Directly above FRIB’s linear accelerator is the “rack room,” a 500-foot-long array of densely tangled utility spaghetti and electronic control devices. Row after row of racks — 800 in all — are stitched from stem to stern by 23,000 cables with a total length of 500 miles. Cool water is piped under the floor to dissipate the heat.
The cyclotron “stopper,” a massive double platter where superfast ion beams spiral into a slower speed for researchers to examine, is housed in a 165-ton yoke of steel poured in Bay City, Michigan.
Over 240 magnets of various types focus and steer the beam as it zips along on a paper-clip shaped track.
In the fragment separator, a 90-meter-long chain of magnets where the nuclei are sorted out, one of the magnets weights 120 tons and another weighs 180 tons.
Glasmacher gave a special nod to the hardhats who brought the sci-fi world of FRIB into reality.
“It’s easy to have fancy ideas,” Glasmacher said. “But to make something, for real, you need welders, pipefitters, the people who drive the concrete trucks at 3 a.m. because it has to go on for 24 hours straight.”
The first of three epic FRIB concrete pours took place from 3 a.m. to sunrise on July 23, 2014, when 140 trucks dumped 1,400 cubic yards of concrete at the FRIB site. In December 2014, about 300 trucks laid 2,700 cubic yards into the “target area” where the ion beam hits the target. Finally, 350 truckloads swarmed to the site for a 25-hour March 2015 pour that laid 3,563 cubic yards under the linear accelerator tunnel, some of it 14 feet thick.
Watching the detectors
The technology of particle accelerators is a $500 billion a year industry in the United States, embedded in everything from cancer diagnosis and treatment to making cell phones, and FRIB is at the cutting edge.
“In nuclear physics, we are really good at building devices to measure stuff that comes out — especially radiation detectors,” physics Professor Paul Guéye said.
The researchers at FRIB depend on their detectors the way James Bond depends on Q’s gadgets. The nuclear interactions scientists breathlessly anticipate happen so fast, on so small a scale, that it’s a miracle anyone but Zarathustra can detect them.
At FRIB, physics Professor Paul Guèye and his team will work with a massive stack of plastic cylinders built by undergraduates at MSU called a “modular neutron array,” or MoNA. Its companion piece is the Large Institutional Scintillator Array, or LISA. See what they did there? “Of course, when you have a Mona, you need a Lisa,” Guèye said with a grin. “We’re painting nuclei, after all.”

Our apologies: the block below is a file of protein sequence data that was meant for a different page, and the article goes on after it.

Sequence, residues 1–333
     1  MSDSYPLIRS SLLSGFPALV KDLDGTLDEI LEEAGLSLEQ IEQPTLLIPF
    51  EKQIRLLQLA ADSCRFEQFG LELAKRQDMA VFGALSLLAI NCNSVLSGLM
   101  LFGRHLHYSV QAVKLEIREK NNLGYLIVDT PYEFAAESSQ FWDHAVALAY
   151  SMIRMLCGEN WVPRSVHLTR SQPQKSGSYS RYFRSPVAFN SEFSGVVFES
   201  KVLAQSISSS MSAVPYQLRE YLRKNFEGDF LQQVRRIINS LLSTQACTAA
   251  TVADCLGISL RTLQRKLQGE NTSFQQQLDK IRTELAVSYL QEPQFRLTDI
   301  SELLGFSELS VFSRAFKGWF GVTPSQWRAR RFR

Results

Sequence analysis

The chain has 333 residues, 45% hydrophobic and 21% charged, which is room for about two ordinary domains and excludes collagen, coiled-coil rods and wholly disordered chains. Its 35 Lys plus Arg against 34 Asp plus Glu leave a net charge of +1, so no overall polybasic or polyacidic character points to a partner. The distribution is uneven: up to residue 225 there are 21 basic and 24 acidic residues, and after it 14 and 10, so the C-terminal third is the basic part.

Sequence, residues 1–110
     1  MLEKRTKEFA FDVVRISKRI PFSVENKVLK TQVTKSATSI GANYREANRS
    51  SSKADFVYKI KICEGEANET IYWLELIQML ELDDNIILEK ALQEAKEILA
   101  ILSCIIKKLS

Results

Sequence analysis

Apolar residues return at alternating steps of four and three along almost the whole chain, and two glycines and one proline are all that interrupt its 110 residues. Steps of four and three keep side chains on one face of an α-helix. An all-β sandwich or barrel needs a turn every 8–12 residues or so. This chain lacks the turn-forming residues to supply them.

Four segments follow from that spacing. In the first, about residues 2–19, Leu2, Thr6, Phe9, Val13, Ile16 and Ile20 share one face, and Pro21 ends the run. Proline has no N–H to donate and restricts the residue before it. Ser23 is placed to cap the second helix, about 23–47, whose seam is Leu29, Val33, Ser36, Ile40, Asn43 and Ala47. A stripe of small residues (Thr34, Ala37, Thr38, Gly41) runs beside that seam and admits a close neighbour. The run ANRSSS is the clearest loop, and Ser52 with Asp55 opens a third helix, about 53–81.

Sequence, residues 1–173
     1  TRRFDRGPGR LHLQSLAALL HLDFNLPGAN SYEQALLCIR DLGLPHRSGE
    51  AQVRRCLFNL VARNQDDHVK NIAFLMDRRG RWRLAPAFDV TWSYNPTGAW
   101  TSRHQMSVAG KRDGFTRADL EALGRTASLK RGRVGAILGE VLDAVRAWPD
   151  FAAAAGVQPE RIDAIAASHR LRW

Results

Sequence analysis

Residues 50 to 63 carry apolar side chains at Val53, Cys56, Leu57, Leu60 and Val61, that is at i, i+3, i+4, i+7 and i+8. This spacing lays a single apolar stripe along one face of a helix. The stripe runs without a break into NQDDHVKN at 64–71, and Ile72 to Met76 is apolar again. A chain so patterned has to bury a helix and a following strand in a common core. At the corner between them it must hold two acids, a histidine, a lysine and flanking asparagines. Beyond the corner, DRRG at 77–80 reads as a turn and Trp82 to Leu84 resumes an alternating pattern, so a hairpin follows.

Jaideep Singh, the researcher who is working on the first FRIB experiment next week, gave a lot of love to his detectors at the April 23 open house. The following description is crude, but it’s what the Department of Energy deserves for not letting us take a picture.
First, Singh pointed to a cylinder the size of a giant bass drum with dozens of robot lampreys sucking on the front.
“That detector measures the flash of light,” Singh said.
Then he pointed to a curved metal brow beetling above the drum.
“If a neutron flies off, that cylindrical shell will detect the neutron,” Singh said.
Then he pointed to a boring square thing.
“The remaining parts get implanted into this box,” he concluded.
Such technology seems hopelessly specialized, but when it comes to the potential for “spin-offs” from FRIB’s state-of-the-art hardware, detectors are red hot.
Detector technology from linear accelerators has already saved countless lives. Guéye cited one “fantastic idea” spun off from nuclear physics detectors that is opening new frontiers in cancer treatment.
To fuel their abnormal rate of growth, cancerous tumors consume up to 30 percent more sugar than non-cancerous tissue. Powerful PET scans detect cancer by homing in on radioactive sugars.
“You can tune these radio tracers so that some of them go to the thyroid, to other places in the body, and allow you to identify hot spots in a body, using a detector we use in nuclear physics to detect radiation,” Guéye said.
FRIB’s high tech has nearly limitless potential for clinical applications as well. Other forms of technology developed in particle accelerators “melt” cancer with beams of protons. Traditional forms of radiation rely on electrons or photons that also attack tumors. “But they’re so small they bounce all over the place,” Guèye said, and that can harm healthy tissue. “Protons are so big they go straight to the target, get tired and huff and puff, and stop and dump their energy on the cancer DNA.”